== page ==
Norway’s Supreme Court approved the government’s plans for Arctic oil exploration on Dec. 22, dismissing a lawsuit by campaigners who claimed the scheme violated people’s right to a healthy environment.
The verdict upheld rulings made by two lower courts, rejecting arguments by Greenpeace and the Nature and Youth group that a 2015-2016 oil licensing round giving awards to Equinor and others had breached Norway’s constitution.
While the case was specifically about ten exploration licenses awarded four years ago, the environmental campaigners had hoped that their appeal would set a precedent limiting the oil industry’s Arctic expansion.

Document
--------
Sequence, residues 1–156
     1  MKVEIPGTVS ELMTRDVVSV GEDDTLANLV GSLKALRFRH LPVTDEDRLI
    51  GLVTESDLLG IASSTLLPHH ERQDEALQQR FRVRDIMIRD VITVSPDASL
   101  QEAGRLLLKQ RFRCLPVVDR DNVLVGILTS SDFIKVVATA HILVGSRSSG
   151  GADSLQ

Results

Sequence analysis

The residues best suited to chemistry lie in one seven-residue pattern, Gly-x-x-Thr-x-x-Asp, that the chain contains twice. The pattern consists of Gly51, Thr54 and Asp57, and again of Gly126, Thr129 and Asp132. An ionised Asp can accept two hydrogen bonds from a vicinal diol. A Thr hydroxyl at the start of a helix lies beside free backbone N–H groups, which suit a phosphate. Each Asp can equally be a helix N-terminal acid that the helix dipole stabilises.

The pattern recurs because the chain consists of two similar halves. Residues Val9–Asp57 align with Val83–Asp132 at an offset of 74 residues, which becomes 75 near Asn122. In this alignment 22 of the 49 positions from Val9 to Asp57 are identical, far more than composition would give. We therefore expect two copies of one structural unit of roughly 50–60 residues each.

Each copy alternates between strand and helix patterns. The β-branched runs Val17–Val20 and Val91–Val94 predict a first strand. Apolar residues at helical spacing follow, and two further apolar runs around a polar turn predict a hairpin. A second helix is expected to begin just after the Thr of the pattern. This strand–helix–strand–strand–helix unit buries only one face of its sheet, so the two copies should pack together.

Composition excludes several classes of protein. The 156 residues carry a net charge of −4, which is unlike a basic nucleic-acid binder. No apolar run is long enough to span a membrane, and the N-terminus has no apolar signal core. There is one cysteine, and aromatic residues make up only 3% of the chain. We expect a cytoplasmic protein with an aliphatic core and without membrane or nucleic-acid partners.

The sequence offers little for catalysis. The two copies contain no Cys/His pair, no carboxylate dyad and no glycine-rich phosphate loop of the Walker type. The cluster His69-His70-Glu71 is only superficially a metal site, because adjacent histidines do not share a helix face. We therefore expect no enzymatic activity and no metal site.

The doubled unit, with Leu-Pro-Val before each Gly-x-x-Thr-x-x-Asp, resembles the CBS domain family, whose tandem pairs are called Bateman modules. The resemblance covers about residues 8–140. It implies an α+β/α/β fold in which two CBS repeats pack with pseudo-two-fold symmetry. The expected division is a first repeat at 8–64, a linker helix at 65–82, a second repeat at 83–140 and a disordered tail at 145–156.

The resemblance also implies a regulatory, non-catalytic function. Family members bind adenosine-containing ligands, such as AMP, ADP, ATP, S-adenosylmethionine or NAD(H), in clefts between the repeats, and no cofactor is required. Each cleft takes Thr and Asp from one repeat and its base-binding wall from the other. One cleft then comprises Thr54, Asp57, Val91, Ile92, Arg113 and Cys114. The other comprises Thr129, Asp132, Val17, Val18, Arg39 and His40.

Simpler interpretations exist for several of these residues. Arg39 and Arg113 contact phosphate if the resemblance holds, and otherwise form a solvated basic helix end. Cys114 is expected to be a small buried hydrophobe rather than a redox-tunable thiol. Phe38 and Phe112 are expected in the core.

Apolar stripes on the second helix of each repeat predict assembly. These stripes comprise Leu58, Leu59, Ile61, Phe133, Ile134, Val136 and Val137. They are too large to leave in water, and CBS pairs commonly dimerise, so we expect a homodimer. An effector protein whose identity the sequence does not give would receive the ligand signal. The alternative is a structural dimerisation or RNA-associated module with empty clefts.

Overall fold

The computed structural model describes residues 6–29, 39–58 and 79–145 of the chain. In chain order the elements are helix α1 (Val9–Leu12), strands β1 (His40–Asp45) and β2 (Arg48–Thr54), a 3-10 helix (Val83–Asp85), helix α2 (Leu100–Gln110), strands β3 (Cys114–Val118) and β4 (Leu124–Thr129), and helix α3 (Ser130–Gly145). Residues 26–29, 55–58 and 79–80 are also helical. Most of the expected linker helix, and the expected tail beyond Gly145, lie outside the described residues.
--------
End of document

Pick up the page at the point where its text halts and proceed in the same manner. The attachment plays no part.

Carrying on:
“The supreme court is rejecting the appeal,” Chief Justice Toril Marie Oeie said as she announced the verdict.
The Nature and Youth advocacy group criticized the outcome.
“This means today’s youth lacks fundamental legal protection from environmental damage jeopardizing our future... This is shocking and we are furious,” the NGO said in a tweet.
The oil and gas industry was not sunk, but 2020 did damage that will take time to assess before deeming it as salvageable or a wreck.
Several people involved in valuing the Exxon Permian Basin asset during an internal assessment in 2019 said employees were being forced to use unrealistic assumptions, according to a report from the Wall Street Journal.
Despite their rise across many sectors—including oil and gas—to simplify the connection between service providers and hiring firms, pre-qualifying company procedures have become too cumbersome, says CanQualify’s COO, Aaron Harker.